Ancient Britons Used to Worship Chickens as Sacred Pets

Who doesn't love fried chicken? Apparently, ancient Britons considered it taboo to eat them, as a study revealed that Gallus gallus domesticus had once been venerated by them to the point that men and women were buried along with their pet chickens.

After arriving in the UK in 800 BC, these chickens spent centuries being worshiped and celebrated by the Iron Age Britons. It wasn't until AD 43 when the Romans came over to England and began slaughtering the chickens for food.

From that point onward, ancient Britons began rearing them so that they can be farmed and eaten later. In fact, historic bones have shown how chickens have evolved over time so that they can grow faster and die younger, to satisfy humans' increasing demand for them.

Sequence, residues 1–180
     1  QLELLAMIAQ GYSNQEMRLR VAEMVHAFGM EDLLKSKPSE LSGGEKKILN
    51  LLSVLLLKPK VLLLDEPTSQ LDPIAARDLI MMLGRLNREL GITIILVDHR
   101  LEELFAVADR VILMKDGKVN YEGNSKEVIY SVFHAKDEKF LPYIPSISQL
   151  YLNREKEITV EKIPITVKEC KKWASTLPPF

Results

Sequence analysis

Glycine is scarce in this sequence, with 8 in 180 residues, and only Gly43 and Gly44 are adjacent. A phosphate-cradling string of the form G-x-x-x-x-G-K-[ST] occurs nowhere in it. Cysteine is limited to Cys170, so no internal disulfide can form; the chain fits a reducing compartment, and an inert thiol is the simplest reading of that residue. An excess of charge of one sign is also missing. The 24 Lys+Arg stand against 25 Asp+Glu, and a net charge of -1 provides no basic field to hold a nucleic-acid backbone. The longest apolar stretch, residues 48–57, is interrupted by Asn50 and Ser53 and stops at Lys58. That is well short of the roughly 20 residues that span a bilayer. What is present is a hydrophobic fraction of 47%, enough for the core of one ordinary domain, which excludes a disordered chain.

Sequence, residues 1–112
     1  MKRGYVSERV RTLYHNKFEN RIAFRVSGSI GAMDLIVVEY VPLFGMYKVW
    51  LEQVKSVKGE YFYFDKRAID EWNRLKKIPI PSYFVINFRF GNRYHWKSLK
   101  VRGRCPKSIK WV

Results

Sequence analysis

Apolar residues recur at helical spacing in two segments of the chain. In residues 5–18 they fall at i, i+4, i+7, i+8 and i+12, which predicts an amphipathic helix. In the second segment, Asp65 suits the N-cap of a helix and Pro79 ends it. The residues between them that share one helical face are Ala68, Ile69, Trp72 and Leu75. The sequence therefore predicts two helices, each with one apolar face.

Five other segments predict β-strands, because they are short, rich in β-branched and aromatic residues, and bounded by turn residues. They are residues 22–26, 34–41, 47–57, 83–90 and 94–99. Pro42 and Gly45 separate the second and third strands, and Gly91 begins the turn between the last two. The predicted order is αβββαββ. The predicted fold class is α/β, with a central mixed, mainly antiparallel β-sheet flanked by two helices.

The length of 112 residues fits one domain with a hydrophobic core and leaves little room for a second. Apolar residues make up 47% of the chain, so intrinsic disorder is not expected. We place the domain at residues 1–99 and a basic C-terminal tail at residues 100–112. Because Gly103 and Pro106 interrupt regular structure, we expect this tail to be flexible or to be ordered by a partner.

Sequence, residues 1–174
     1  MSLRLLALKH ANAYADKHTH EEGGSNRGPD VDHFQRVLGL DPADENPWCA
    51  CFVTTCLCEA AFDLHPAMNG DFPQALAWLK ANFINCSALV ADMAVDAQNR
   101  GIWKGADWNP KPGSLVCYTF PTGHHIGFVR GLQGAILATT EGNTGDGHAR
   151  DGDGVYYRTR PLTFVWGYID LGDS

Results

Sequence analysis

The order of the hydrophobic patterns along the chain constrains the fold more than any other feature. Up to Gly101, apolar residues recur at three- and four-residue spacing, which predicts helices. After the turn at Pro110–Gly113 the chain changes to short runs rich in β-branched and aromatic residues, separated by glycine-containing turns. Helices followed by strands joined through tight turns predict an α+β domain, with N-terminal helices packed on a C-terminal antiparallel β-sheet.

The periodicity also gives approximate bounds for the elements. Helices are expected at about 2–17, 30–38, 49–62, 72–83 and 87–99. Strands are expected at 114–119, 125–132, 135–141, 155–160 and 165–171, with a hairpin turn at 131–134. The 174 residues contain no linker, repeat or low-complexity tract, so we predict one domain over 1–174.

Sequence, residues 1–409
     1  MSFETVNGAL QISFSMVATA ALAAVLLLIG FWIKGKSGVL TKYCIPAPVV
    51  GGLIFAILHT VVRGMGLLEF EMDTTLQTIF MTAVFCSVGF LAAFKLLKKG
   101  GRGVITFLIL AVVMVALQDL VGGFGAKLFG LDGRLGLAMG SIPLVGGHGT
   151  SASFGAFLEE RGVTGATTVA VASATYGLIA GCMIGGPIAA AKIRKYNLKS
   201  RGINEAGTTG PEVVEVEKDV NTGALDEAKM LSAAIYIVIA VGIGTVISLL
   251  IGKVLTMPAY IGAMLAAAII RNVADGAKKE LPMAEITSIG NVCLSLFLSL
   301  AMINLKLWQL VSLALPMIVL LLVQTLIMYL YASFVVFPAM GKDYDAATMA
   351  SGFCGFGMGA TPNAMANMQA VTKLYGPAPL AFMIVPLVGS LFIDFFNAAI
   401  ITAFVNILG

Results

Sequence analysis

Now, there are about 26 billion chickens being reared around the world, far more than any other bird on the planet. Pigeons in the 1800s had a population of 3 to 5 billion, and were considered the most common bird on the planet. Not anymore.

(Image credit: Thomas Iversen/Unsplash)

Login to comment.

Email This Post to a Friend
"Ancient Britons Used to Worship Chickens as Sacred Pets"

Separate multiple emails with a comma. Limit 5.


Success! Your email has been sent!

close window

This website uses cookies.

This website uses cookies to improve user experience. By using this website you consent to all cookies in accordance with our Privacy Policy.

I agree
Learn More